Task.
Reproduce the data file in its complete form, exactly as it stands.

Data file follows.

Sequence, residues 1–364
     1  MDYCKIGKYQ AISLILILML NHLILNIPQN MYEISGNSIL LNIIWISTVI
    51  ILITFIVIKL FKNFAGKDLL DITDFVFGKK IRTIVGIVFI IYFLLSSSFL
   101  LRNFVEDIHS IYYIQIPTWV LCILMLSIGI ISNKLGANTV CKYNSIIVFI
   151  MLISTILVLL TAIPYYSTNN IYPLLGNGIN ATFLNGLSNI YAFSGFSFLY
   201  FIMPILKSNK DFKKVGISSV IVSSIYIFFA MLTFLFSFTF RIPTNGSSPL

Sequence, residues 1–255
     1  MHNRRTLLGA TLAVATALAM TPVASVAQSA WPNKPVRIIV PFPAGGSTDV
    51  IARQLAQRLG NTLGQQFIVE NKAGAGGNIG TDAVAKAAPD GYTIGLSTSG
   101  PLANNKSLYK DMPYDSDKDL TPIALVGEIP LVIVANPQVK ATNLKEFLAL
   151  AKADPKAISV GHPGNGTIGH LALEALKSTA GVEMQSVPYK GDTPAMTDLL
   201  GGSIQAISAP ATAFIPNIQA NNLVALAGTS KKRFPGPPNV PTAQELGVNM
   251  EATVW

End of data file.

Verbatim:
Sequence, residues 1–364
     1  MDYCKIGKYQ AISLILILML NHLILNIPQN MYEISGNSIL LNIIWISTVI
    51  ILITFIVIKL FKNFAGKDLL DITDFVFGKK IRTIVGIVFI IYFLLSSSFL
   101  LRNFVEDIHS IYYIQIPTWV LCILMLSIGI ISNKLGANTV CKYNSIIVFI
   151  MLISTILVLL TAIPYYSTNN IYPLLGNGIN ATFLNGLSNI YAFSGFSFLY
   201  FIMPILKSNK DFKKVGISSV IVSSIYIFFA MLTFLFSFTF RIPTNGSSPL

Sequence, residues 1–255
     1  MHNRRTLLGA TLAVATALAM TPVASVAQSA WPNKPVRIIV PFPAGGSTDV
    51  IARQLAQRLG NTLGQQFIVE NKAGAGGNIG TDAVAKAAPD GYTIGLSTSG
   101  PLANNKSLYK DMPYDSDKDL TPIALVGEIP LVIVANPQVK ATNLKEFLAL
   151  AKADPKAISV GHPGNGTIGH LALEALKSTA GVEMQSVPYK GDTPAMTDLL
   201  GGSIQAISAP ATAFIPNIQA NNLVALAGTS KKRFPGPPNV PTAQELGVNM
   251  EATVW